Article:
I normally spend around an hour commuting to work and other back. Two hours of my day that are often spent in rather too cramped and close company with strangers than I would certainly choose to be. A bad commute can cause stress bearly before the day has begun or can ruin an evening. I’m a firm believer that commuters should take an active interest in this important part of their day and not sit by the passively British way when conditions are below standard.

For 3/4 of a year I’ve commuted from Rickmansworth to central London. On a good day it can be passable and tolerable. On a bad day it can be extremely long, awfully crowded and thoroughly uncomfortable. Now, I’ve commuted from a good few places in London in the past and have become used to busy, basic inner-London commuter trains. However, moving beyond the boundaries of London made me hope that a better commute would accompany the other improvements in living standard. So far I’ve not been impressed.

My feeling is that the service could and should be better. While changing the status quo with large transport operators is unlikely to ever be easy, this does not put me off trying. After all, if we don’t make our grievences known, why should we expect anything to change? Action may not produce quick results, but fighting our corner and arguing for a decent service can only help going forward.

A big part in making an argument is to be informed and empowered. Most commuters may be all too familiar with their own commute but are likely unaware how it compares with commutes on other, similar routes. Perhaps if they did they’d feel all the more compelled to taking action. Many facts and figures that would assist a campaign aren’t made very public friendly, however they are out there if you know where to look.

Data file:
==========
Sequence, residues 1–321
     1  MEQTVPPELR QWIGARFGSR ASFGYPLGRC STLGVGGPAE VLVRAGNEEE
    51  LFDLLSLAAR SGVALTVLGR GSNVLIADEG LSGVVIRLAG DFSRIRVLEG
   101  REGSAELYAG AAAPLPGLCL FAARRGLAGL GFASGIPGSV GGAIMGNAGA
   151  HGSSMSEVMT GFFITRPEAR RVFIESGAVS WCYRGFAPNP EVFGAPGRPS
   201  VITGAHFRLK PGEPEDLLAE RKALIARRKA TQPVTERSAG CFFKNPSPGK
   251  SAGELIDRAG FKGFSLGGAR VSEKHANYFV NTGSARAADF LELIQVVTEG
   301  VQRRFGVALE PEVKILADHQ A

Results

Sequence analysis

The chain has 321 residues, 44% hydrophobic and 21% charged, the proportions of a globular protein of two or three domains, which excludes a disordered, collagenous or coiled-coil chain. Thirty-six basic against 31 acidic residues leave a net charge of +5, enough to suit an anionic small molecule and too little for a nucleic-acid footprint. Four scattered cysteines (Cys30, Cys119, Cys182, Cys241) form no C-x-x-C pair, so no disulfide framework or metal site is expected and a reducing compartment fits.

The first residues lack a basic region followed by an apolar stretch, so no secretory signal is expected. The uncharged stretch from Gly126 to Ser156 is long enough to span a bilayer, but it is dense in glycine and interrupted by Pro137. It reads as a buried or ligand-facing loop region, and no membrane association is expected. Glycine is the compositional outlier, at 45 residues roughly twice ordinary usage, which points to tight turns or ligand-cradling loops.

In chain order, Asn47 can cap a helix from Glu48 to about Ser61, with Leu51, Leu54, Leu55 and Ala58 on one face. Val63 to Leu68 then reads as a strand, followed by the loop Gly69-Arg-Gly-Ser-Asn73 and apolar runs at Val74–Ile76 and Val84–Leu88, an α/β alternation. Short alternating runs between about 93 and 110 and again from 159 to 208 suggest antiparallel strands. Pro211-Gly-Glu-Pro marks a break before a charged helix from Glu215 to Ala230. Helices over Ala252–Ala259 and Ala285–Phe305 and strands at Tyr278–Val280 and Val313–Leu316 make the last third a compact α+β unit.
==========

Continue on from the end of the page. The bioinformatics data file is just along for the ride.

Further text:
In this series of blog posts I’m going to try to better empower other commuters to make their views known and hopefully also reveal just how good or bad commuters in Rickmansworth and the local area actually have it.

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Empower the commuter

Commuting to and from London on a daily basis can at times be a tricky and frustrating experience, especially if there are problems on the line. Given a long day of work to contend with, I suspect most commuters, like me, just want the process of getting to and from work to be straightforward and as painless as possible.

How busy are trains from Watford Junction on the morning commute?
How busy are trains from Watford Junction on the morning commute?

I’m a big believer that passengers or customers, call them what you will, should be kept informed. This allows them to better manage their journey and might well help the service all. I was therefore impressed today to come across London Midland’s feature listing how busy peak trains are to and from town. Customers become empowered; they can see at a glance their chance of getting a seat on each service, which, if they’re like me, is a big factor when deciding when the travel.

I really wish this was a feature provided by all train companies, indeed the Underground too. Instead on the whole we gradually and through no end of trial and error try to piece together when works well and which journeys will be hell. However if the companies are collecting this information anyway – and let’s face it they must do to some extent – why not make it available and empower the customers?